Friday, January 7, 2011


I caught a cold a few days ago.

This is not big news, since I catch approximately four colds a year (one for every season). However, this cold topped the charts in terms of vocal destruction.

Monday, my throat felt a little wheezy. Tuesday, my voice got a little raspy. Wednesday, I suffered through a day of work in intense pain, unable even to complain because my voice had been depleted to a whisper, and every whisper hurt like a scream. Let me tell you, as someone who talks to herself pretty much continuously, I found it nearly as painful mentally to endure a full day of silence. My internal monologue was obliged to stay internal--and that hurt! People would come past my work station and make little comments--comments to which I usually make other little comments in reply. But this time I could only smile, or nod, or wheeze out a little laugh. I felt so isolated!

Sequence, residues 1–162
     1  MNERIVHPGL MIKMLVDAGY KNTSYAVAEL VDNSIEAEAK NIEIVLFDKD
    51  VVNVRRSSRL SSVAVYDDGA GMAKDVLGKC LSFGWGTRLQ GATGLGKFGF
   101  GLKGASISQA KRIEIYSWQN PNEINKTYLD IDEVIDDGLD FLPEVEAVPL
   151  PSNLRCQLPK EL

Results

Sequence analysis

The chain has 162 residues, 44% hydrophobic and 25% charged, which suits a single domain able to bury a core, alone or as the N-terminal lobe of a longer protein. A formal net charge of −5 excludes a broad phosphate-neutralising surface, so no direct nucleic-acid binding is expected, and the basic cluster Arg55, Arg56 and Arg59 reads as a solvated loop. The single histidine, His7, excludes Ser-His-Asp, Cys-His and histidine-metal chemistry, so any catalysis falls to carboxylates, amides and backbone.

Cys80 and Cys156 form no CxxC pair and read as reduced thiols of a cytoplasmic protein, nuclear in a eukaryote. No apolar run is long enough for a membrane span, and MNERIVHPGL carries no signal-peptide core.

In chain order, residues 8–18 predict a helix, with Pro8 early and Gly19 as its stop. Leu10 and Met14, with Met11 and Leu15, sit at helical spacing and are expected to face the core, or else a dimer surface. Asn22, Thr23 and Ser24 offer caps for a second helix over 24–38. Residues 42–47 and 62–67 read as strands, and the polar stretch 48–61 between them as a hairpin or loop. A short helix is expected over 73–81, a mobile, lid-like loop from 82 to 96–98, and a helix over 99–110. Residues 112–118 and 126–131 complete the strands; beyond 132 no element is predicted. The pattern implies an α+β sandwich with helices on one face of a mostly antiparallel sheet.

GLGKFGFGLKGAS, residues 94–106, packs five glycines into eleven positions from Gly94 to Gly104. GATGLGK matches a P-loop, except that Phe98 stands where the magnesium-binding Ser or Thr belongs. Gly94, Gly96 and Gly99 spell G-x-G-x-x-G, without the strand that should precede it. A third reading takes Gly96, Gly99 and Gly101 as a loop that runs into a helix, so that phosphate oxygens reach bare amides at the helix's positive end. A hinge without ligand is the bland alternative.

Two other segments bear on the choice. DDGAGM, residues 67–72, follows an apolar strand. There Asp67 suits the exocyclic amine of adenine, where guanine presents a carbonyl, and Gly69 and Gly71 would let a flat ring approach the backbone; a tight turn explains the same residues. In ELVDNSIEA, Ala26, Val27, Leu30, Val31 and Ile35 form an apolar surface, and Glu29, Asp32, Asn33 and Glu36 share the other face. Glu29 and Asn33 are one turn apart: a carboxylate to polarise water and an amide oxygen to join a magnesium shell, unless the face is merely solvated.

The worst part was about midway through the day, when one of my coworkers came by and decided to have a conversation with me. The conversation mostly consisted of me trying to explain what was wrong with me, without seriously injuring myself in the process. I failed miserably. When I turned to put away a bag of sesame sticks, I whacked my hand hard into the shelf--in the exact spot where I'd cut myself and gotten stitches the previous Sunday. When I took out the stitches yesterday, I was surprised by how much my finger still hurt, until I remembered this occurrence. I had hit it so badly, I bruised the entire knuckle.

Maybe it was a good thing I had no voice right then, because I would have screamed bloody murder if I could have. As it was, I had to choke it back and stomp on the floor instead. As one of my friends commented later, "Not a satisfying way to express pain." And of course I wept bitter tears in front of my coworker. But that happens so often that I'm sure he wasn't surprised.

By the time I left work that evening, my throat hurt so badly that my entire body hurt. Or maybe I had a fever, since I also felt chilled to the bone. My walk home in the cold was torture, but a few minutes of inhaling steam from a teapot followed by a good long huddle in bed set me to rights.

Yesterday, my throat felt much better (although all the congestion had moved up into my nose), and today, the average listener probably can't even detect anything wrong with my voice. But I have learned a valuable lesson. I should never take a vow of silence.